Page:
We've decided to make a significant cosmetic change to the PT-1 pedal set. This decision, while not easy to make, was necessary for a number of reasons. For example, the amount of powder, electricity, and labor involved in powder coating the first batch of pedals was way beyond what we anticipated. So much so, that we had to make a difficult choice. Do we keep powder coating, and add between $75-$100 on top of the price of the pedals? Or, do we use a completely different process called "Sand-Blasting"?
Again, this was not an easy decision to make, especially since we originally advertised our pedals as being "powder coated". We had to sit down, run some figures, and come up with a solution.
Our original plan, back when these pedals looked nothing like they do today, was to sand-blast them. This is a relatively simple process, doesn't cost much, and gives the pedals a nice uniform look. It was only after testing a few parts with powder coat, that we switched our plans to use the powder coating method from that point on. In hindsight, this was a big mistake. What's unique about powder coating is that you can never properly estimate how much powder you'll go through when coating your parts. The reason for this has to do with the way powder coating works. I won't go into a lot of detail here, but basically, the powder sticks to the metal using static electricity. I may have this backwards, but I believe the gun gives the powder a positive charge as it sprays, and the grounding method gives your parts a negative charge. So, the powder comes out of the gun, and sticks to your parts. Very clever process. With that said, it's not as simple as I make it sound. In fact, it's much, much more involved. For example, you have to deal with what's called a "Faraday Cage" affect that happens when trying to coat corners or holes. This can be VERY annoying. It can sometimes take a lot more powder than you think just to get the powder into these areas. To make matters worse, you're also getting more powder where the "faraday cage" isn't affecting the part. So, you can end up with uneven coats.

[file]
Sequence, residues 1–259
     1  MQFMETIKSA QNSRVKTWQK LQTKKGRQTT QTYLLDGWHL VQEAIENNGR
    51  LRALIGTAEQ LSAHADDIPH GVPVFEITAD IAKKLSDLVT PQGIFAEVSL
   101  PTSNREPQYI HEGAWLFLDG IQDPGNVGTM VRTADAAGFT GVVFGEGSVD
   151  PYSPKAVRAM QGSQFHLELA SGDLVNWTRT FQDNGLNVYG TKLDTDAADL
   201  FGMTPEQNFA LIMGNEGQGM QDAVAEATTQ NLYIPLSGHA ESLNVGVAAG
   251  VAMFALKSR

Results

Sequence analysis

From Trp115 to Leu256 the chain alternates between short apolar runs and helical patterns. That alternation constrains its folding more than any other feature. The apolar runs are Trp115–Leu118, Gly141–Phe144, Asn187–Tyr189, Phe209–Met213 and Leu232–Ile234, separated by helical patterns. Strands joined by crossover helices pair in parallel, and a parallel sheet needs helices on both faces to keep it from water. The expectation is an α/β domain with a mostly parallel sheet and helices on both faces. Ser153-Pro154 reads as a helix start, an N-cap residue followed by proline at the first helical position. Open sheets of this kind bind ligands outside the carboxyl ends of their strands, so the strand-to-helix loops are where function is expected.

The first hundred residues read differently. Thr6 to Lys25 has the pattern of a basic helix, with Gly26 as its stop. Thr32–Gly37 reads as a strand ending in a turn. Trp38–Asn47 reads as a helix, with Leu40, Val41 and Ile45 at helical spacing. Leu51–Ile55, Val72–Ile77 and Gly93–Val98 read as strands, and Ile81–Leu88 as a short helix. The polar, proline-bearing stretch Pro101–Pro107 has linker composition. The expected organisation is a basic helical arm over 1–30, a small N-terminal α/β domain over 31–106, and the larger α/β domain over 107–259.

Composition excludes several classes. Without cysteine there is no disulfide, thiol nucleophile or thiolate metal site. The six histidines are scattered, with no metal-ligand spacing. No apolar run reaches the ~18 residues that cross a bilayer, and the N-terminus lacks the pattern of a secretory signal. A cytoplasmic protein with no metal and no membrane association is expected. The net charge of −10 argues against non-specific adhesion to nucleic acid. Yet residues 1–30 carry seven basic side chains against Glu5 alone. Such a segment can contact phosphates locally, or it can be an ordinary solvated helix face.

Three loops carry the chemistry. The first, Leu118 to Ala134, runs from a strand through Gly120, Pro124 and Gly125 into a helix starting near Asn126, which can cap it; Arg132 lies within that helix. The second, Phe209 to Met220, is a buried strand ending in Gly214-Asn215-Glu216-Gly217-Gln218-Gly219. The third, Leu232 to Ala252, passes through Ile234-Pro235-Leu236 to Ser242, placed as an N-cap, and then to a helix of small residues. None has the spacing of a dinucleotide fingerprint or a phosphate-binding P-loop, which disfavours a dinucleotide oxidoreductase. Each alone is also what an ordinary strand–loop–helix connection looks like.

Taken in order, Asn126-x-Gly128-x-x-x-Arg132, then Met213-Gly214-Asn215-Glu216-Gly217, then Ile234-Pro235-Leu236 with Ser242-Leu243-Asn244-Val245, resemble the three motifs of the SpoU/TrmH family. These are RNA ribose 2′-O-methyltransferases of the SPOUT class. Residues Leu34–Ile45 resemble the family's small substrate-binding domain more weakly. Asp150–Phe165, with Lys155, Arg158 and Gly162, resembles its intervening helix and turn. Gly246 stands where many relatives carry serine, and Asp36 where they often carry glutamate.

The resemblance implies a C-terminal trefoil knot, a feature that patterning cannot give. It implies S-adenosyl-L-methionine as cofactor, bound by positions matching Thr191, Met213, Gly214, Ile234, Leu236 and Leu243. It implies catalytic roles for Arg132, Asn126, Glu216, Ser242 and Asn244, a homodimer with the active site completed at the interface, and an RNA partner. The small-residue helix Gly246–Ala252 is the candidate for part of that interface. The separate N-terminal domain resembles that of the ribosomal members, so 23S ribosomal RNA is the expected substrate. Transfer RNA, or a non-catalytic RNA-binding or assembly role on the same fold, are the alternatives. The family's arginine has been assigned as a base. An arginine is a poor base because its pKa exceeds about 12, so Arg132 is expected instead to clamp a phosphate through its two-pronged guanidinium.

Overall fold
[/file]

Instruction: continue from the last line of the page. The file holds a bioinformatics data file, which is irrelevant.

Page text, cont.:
Another one of powder coating's major flaws is that the stuff gets everywhere. It can get into places you didn't even know existed until you look at your hands and notice this black stuff all over them. The amount of clean-up involved is borderline crazy. Sure, you can vacuum the floor, but what about the walls, and the ceiling? (Yes, it can even stick to the ceiling). We used a very primitive ventilation system for our "booth", and even that didn't help much. As I mentioned in our most recent video, we just don't have the proper facilities to make powder coating an efficient, viable process. In order to do this right, you really need to give the parts to a professional, and that can get expensive.
Some of you suggested that we should offer the powder coating as an option. We thought about this, but decided against it because it really isn't worth the effort, even if we charged more for the service. Those of you that have powder coated things before know exactly what I'm talking about. It can be an incredibly frustrating process, and we decided that a simpler, less expensive option was the better way to go. Overall, I'd have to say that this was a good decision. Sand blasting can give the parts a very nice look.
So, this is what we're going to do... The first batch of pedals has already been powder coated. So, were going to keep the first batch as it is. The second batch, and all future batches will be sand blasted.
The community really stood behind this decision, and that is why I am so proud to be a part of it. Sure, there are some of you that won't like this change, and that's certainly understandable. All we can do is apologize for our mistakes, and move on. We hope that you'll understand why we had to make this change, and we hope that you like the new look! Be sure to check out our "Media" page for high res images of the sand blasted version!
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